I'm reading over this page and it says that if a site is SSL and the user tries to access it via regular http, the application should not redirect the user to https. It should just block him. Can someone verify the validity of this? It doesn't sound like a good idea, and I wonder what the real risk is of just forwarding the user to https. It seems that there is no technical reasons behind it, just that it's a good way to educate the user.

Disable HTTP access to the domain, don’t even redirect or link it to SSL. Just inform the users this website is not accessible over HTTP and they have to access it over SSL.

This is the best practice against MITM and phising attacks. This way your users will be educated that application never accessible over HTTP and when they come across to a phising or MITM attack they will know something is wrong.

One of the best ways to protect your application against MITM attacks and phising attacks is educating your users.

  • 5
    Ironically this site works over HTTP.
    – Eduardo M
    Jul 28, 2020 at 21:20

6 Answers 6


An HTTP request that includes a session ID cookie is subject to session hijacking attacks. It is important that if you do allow HTTP and redirect to HTTPS, that cookies are marked as secure.

I can't see any technical reason why HTTP needs to be completely blocked either, and many sites do forward HTTP to HTTPS. When doing this it is highly advisable to implement HTTP Strict Transport Security (HSTS) which is a web security mechanism which declares that browsers are to only use HTTPS connections.

HSTS is implemented by specifying a response header such as Strict-Transport-Security: max-age=31536000. Complying user agents will automatically turn insecure links into secure links, thereby reducing the risk of man-in-the-middle attacks. Additionally, if there is a risk that the certificate isn't secure, e.g. the root authority isn't recognised, then an error message is displayed and the response is not shown.

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    +1. Session cookies that persist across the redirect are to be considered can be considered compromised. Usually, sites invalidate the original cookie, and create a new one to be used for HTTPS traffic (the good sites enable the secure cookie flag as well). Dec 6, 2010 at 10:51
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    If you are offering a "secure" service use always the "Secure" flag at your session cookies! Dec 6, 2010 at 11:49
  • Vineet - ideally sites invalidate the original cookie, however this is still not nearly common enough, even in banking applications!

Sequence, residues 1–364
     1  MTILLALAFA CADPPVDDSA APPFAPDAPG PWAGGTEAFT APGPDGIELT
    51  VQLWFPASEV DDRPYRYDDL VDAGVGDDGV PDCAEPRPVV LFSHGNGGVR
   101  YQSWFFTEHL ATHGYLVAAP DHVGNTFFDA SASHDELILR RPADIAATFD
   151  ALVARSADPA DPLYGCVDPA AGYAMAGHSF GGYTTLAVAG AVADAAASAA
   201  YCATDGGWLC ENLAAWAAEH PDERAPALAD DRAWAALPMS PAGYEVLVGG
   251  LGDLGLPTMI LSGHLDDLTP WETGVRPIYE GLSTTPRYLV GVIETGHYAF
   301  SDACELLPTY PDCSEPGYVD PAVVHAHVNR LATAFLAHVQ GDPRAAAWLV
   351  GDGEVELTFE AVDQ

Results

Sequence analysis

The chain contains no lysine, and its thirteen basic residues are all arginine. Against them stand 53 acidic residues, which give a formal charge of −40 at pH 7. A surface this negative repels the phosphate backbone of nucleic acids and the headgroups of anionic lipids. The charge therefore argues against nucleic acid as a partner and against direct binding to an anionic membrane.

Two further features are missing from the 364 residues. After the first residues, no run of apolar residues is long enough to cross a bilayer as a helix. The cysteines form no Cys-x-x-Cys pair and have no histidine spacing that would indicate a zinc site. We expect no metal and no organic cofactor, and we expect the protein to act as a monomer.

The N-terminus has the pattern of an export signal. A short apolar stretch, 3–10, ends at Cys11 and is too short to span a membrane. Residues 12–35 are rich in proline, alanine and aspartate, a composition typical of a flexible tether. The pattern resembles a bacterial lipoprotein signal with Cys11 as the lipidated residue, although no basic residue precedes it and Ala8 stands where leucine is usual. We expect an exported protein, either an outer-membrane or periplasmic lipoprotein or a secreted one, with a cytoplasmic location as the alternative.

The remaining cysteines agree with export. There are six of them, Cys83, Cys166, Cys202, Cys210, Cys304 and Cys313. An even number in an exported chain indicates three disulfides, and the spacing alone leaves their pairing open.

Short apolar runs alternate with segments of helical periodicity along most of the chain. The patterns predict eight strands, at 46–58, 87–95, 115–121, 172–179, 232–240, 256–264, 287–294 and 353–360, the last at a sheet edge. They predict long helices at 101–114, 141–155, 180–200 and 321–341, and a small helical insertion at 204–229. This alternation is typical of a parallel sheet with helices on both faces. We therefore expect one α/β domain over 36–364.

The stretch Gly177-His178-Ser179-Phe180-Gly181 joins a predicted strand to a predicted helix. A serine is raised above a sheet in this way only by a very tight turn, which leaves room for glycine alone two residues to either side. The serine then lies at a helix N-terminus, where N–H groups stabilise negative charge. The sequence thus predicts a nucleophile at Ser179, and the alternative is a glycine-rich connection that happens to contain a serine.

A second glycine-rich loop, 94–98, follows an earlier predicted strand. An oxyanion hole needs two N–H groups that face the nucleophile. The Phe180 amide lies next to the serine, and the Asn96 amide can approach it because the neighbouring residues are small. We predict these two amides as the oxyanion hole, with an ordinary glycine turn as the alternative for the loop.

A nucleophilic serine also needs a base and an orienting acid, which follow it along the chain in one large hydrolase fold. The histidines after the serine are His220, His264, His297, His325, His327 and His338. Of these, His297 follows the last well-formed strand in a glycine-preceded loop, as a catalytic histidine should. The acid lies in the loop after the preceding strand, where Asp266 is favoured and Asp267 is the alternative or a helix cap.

– Rory Alsop
    Dec 6, 2010 at 23:27
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    While you may not need to block HTTP completely with recent protocol enhancements like HTTP Strict Transport Security, forwarding HTTP to HTTPS is not safe because of SSL stripping attacks like Moxie Marlinspikes sslstrip. It's not even save to have HTTPS links on an HTTP page for the same reason. thoughtcrime.org/software/sslstrip Sep 9, 2011 at 2:35
  • CORS makes you need https
    – alemac852
    May 13, 2017 at 6:13

Going from HTTP to HTTPS is actually a not-so-good idea. For example, an attacker could do a man-in-the-middle attack using a tool like ssl strip. To address this problem, you should use the HSTS protocol. It's supported by all major browsers (Internet Explorer, which is the latest adopter, is supporting it starting from IE12), and in use by many of the top sites (e.g., Paypal, Google).

  • 9
    Absolutely spot-on with the reference to sslstrip. If the client initiates the connection over HTTP to the server, the MITM can hijack the session, keeping the connection between the client and the attacker in plaintext, even if the attacker follows the HTTPS redirect on it's connection to the server. The server thinks the client is connected via HTTPS and the client thinks the site operates on HTTP. Sep 9, 2011 at 2:31
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    But wouldn't the same MITM attack work equally well on a site that simply refuses HTTP? HSTS only helps after at least one clean connection (whether HTTPS or an HTTP that wasn't attacked). Jan 24, 2014 at 3:28
  • 4
    That's correct. That's why some browsers are distributed with a preloaded list of domains that should be contacted via HSTS (dev.chromium.org/sts). This mitigates the attack you describe. Jan 27, 2014 at 23:05
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    Regarding "all major browsers", IE hasn't supported it, though they say they will in IE 12: eff.org/deeplinks/2014/02/websites-hsts